L Campoy

University College Dublin, Dublin, Leinster, Ireland

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Publications (4)5.15 Total impact

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    ABSTRACT: : A domestic-longhair cat presented due to lethargy, dyspnoea and hypersalivation. Radiographic examination revealed a bilateral pleural effusion, which was diagnosed as pyothorax based on cytological examination. Ultrasonographic examination revealed extensive loculations within the thoracic cavity. Exploratory sternotomy, under general anaesthesia, allowed the removal of approximately 100 ml of purulent fluid and debridement of a partially walled-off abscess and necrotic material from the pleural cavity. Postoperative positive-pressure ventilation was required due to severe respiratory depression. Intensive postoperative care, including intensive continuous monitoring, thoracostomy tube drainage and lavage of the pleural cavity and oesophagostomy tube feeding, was performed. Complete resolution of clinical signs had occurred by 15 days postoperatively. Clinical or radiographic abnormalities were not detected at a follow-up examination one year after surgery.
    Irish Veterinary Journal 04/2005; 58(4):211-5. DOI:10.1186/2046-0481-58-4-211 · 1.71 Impact Factor
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    ABSTRACT: The clinical, radiographic, magnetic resonance imaging (MRI), surgical and pathological findings related to an osteochondral lesion of the sacrum in a mastiff dog are described. The dog showed chronic signs of pain in its pelvic limbs. Radiography revealed a triangular mineralised opacity at the craniodorsal aspect of the sacrum consistent with sacral osteochondrosis. A T2-weighted spin-echo MRI revealed dorsal and lateral compression of the cauda equina. The osteochondral fragment was removed via a dorsal laminectomy, and the clinical signs resolved. Histological abnormalities in the fragment were consistent with a diagnosis of osteochondrosis.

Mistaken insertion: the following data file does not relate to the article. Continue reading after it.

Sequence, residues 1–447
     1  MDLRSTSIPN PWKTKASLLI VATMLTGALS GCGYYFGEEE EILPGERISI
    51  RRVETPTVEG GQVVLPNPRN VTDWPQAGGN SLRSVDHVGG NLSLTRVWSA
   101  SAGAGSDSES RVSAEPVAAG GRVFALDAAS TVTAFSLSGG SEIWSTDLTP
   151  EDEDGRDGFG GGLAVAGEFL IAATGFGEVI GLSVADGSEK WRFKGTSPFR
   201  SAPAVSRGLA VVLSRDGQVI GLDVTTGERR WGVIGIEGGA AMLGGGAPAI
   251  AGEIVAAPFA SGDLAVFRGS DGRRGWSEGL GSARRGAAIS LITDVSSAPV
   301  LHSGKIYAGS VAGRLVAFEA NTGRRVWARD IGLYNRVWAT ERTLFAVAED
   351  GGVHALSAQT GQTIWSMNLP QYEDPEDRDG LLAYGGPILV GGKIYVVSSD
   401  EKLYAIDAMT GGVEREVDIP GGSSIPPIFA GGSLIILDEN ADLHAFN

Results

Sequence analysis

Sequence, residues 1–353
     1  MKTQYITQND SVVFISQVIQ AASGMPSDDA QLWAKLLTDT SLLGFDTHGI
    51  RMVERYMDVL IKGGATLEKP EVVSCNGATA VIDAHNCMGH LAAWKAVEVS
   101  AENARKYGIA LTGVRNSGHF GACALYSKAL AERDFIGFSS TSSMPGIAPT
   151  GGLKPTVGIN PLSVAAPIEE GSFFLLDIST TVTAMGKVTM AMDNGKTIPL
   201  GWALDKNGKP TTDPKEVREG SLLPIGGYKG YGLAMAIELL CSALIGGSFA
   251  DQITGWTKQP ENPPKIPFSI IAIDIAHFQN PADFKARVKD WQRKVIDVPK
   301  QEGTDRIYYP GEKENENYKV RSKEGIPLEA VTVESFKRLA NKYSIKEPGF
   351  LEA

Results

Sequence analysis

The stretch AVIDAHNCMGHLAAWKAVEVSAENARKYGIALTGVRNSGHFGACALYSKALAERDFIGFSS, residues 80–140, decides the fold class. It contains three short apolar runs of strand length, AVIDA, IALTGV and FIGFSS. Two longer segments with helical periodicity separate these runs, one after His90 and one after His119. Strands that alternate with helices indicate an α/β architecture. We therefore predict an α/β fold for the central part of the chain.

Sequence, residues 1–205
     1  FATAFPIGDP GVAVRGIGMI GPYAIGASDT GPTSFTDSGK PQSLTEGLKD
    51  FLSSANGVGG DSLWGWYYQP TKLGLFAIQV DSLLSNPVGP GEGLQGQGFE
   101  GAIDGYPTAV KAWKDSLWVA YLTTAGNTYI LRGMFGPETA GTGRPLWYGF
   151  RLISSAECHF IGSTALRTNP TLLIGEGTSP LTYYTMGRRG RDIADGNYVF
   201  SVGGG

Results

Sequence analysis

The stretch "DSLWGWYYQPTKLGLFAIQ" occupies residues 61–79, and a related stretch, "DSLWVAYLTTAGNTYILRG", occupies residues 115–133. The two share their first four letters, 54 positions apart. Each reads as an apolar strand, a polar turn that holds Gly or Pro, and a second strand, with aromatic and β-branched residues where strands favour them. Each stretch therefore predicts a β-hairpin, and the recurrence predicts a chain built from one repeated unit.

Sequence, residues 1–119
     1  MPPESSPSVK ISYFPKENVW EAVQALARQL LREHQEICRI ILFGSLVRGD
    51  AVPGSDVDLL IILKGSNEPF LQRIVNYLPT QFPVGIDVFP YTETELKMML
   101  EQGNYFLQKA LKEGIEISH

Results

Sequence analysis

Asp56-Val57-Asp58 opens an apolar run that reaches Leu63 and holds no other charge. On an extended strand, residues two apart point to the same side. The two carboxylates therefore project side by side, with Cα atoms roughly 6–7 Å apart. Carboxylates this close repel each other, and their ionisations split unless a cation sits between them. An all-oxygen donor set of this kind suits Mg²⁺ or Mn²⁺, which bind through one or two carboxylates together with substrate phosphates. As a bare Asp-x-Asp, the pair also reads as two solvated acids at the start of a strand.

The Veterinary record 08/2004; 155(3):83-6. DOI:10.1136/vr.155.3.83 · 1.63 Impact Factor
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    ABSTRACT: Endotracheal tubes manufactured from red rubber and polyvinyl chloride (PVC) were compared, using radiographic techniques, in dog cadavers, under in vitro conditions and in anaesthetised dogs (in vivo study). All endotracheal tubes were radiographed in 'neutral' and flexed positions and the percentage reduction in the ventrodorsal radiographical diameter of the tube was calculated. The red rubber tubes kinked completely in 40 per cent of the cadavers, 75 per cent of the in vitro study and 40 per cent of anaesthetised dogs. The PVC tubes kinked completely in only one case (in vivo study). However, these tubes had a mean reduction in diameter of 15 per cent in the dog cadaver study, 19 per cent in the in vitro study and 26 per cent in the in vivo study. During procedures in which the trachea is intubated and the atlanto-occipital joint of the patient must be flexed, PVC endotracheal tubes may be less prone to kinking than red rubber tubes.
    Journal of Small Animal Practice 02/2003; 44(1):3-7. · 0.91 Impact Factor
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    ABSTRACT: Endotracheal tubes manufactured from red rubber and polyvinyl chloride (PVC) were compared, using radiographic techniques, in dog cadavers, under in vitro conditions and in anaesthetised dogs (in vivo study). All endotracheal tubes were radiographed in‘neutral’and flexed positions and the percentage reduction in the ventrodorsal radiographical diameter of the tube was calculated. The red rubber tubes kinked completely in 40 per cent of the cadavers, 75 per cent of the in vitro study and 40 per cent of anaesthetised dogs. The PVC tubes kinked completely in only one case (in vivo study). However, these tubes had a mean reduction in diameter of 15 per cent in the dog cadaver study, 19 per cent in the in vitro study and 26 per cent in the in vivo study. During procedures in which the trachea is intubated and the atlanto-occipital joint of the patient must be flexed, PVC endotracheal tubes may be less prone to kinking than red rubber tubes.
    Journal of Small Animal Practice 12/2002; 44(1):3 - 7. DOI:10.1111/j.1748-5827.2003.tb00095.x · 0.91 Impact Factor